Anthony Hook had another secret session with the newest and coolest upcoming stuff. I shouldn’t even disclose the subject I guess..

We had a really good non-technical session with Thomas Eldblom about the IT/Marketing Gap, Digital Marketing Governance. Most customers should listen this session!

Adam Najmanowicz showed us a really cool Zen Garden Framework were he’s done amazing things with the Page Editor and a way of managing parallel development. This is probably the way to go forward in order to tighten up the project time schedule.

Lars Nielsen wrapped up the summit with the story of Sitecore from the very beginning.

Unfortunately I missed the welcome party on Wednesday, but we had some time to meet and network between us MVP’s as well. As important as anything else on the summit.

A big Thank You to Pieter Brinkman and Marissi Dresnek for arranging all this, and I’m looking forward to .next years summit!

Sitecore MVP Summit website.

Sitecore MVPs at the beach

Build settings for TDS

Yesterday I spent some time with the nice guys at Hedgehog Development and I remembered a problem that we’ve experienced lately in our team.

The problem we had, is that TDS sometimes doesn’t copy the right files into our web project. Actually, it turned out it didn’t copy the latest versions of the recently built files. This can happen sometimes when using parallel builds, so TDS may start copy the files into the web project before the other builds are completely finished. Change the build options in Tools->Options->Project and Solutions->Build and run and set the maximum number of parallel project builds to 1, so that projects are built once at a time.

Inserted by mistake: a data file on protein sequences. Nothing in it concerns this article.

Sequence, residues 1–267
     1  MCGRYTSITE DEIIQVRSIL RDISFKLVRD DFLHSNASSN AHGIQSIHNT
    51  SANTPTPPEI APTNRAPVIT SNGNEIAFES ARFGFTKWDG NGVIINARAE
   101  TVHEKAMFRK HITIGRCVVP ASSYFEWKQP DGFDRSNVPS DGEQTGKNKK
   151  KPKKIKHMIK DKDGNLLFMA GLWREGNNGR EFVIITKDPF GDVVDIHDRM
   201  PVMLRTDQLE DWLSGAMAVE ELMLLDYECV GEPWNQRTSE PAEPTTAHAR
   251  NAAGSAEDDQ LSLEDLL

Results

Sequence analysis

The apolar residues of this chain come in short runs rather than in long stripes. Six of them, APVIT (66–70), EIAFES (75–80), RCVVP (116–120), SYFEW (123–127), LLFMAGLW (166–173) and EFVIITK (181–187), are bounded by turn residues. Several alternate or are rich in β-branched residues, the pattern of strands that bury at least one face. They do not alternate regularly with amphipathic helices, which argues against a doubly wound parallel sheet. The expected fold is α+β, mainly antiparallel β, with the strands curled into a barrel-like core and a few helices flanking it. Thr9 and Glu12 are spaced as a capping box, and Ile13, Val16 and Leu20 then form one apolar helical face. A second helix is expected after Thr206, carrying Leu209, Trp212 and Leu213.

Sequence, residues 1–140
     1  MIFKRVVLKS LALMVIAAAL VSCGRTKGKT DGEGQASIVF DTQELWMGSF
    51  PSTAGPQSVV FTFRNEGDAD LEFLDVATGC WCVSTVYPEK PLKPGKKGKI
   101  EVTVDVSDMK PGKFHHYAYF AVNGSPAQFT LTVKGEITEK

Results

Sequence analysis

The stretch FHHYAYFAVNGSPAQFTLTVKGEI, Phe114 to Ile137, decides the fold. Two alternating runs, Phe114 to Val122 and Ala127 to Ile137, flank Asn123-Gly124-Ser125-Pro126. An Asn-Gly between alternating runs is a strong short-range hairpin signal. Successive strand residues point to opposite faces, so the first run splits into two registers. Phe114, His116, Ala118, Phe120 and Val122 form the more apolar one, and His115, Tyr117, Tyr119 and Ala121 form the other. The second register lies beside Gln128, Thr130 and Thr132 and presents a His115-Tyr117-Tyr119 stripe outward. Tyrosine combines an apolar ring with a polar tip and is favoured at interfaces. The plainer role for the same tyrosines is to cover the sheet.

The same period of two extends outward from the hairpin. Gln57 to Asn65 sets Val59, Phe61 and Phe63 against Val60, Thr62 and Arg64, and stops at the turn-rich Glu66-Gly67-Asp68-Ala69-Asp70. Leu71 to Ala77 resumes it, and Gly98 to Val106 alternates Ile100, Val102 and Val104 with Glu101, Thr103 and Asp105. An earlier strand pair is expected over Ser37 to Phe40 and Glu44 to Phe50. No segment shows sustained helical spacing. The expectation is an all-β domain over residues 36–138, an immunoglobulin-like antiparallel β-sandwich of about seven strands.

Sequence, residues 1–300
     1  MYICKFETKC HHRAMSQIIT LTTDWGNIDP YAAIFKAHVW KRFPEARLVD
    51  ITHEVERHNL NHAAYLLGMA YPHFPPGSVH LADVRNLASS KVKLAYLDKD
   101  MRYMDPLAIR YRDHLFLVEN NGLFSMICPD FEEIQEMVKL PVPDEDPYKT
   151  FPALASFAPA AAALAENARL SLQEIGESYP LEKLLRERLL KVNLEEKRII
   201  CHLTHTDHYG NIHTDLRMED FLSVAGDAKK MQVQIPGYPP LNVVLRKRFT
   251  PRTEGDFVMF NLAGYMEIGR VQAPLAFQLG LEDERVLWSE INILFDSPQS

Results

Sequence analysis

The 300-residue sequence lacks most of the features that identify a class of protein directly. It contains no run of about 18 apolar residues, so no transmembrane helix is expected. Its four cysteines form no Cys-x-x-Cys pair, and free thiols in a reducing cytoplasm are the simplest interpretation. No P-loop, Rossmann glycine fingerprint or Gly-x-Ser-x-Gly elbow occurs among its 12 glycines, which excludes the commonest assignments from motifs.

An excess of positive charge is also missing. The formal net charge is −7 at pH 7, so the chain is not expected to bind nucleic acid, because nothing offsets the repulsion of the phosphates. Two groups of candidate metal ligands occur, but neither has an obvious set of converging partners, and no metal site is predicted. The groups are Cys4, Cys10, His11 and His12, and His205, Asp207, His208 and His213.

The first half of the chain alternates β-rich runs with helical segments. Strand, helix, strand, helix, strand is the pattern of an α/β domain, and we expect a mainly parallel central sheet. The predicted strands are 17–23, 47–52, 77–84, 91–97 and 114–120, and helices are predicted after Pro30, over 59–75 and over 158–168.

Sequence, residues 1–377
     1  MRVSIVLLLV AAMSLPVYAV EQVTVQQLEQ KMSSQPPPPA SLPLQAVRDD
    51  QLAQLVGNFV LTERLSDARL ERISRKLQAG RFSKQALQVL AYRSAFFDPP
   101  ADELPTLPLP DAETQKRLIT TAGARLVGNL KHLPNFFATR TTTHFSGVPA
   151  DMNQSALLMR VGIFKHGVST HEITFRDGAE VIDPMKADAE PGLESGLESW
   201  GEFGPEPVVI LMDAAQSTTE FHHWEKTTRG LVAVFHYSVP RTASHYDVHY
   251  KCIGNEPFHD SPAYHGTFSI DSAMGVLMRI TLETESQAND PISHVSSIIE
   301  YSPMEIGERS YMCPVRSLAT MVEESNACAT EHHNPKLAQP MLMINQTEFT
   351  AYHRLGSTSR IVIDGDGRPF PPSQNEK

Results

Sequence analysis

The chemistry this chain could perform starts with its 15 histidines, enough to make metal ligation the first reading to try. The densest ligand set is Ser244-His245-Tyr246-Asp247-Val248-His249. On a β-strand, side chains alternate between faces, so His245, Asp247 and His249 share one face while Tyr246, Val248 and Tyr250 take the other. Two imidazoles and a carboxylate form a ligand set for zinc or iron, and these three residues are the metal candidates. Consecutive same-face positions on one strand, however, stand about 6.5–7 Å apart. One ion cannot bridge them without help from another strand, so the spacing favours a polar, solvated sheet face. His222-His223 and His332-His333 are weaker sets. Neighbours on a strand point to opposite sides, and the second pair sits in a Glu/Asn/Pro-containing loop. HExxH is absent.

Build options

Works perfectly for me! Thank you guys!

Sitecore MVP Summit Challenge – Team 7

Update: At the Sitecore MVP Summit 2013, day 1, we were divided into seven teams and were each given a group challenge. Our team got the question “Present the best way to manage your Sitecore blog”. We had 45 minutes to come up with a presentation, so we decided on writing a blog post about it. Below are the result findings used during the presentation at The James Palm Beach Hotel, Miami, USA. This blog post was tweeted and commented during the presentation.

The presentation also included singing the Sitecore blogging song!

The MVP team members:

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Add a proper LastModified field to Sitecore

To track item changes Sitecore uses the “__Updated” field in the Statistics section. It’s a normal Datetime field i.e. it contains a date for every language and version. This is fine in most cases, but sometimes you need to track changes a bit further. For example when you change a shared field, you’re applying a change to all languages and versions. So how do you track those changes?

An image in the Media Library is a typical example of this problem. If you change the image, you’ve changed the item on all languages, but if you just add a translation to the “ALT” text, you’ve only changed that particular version.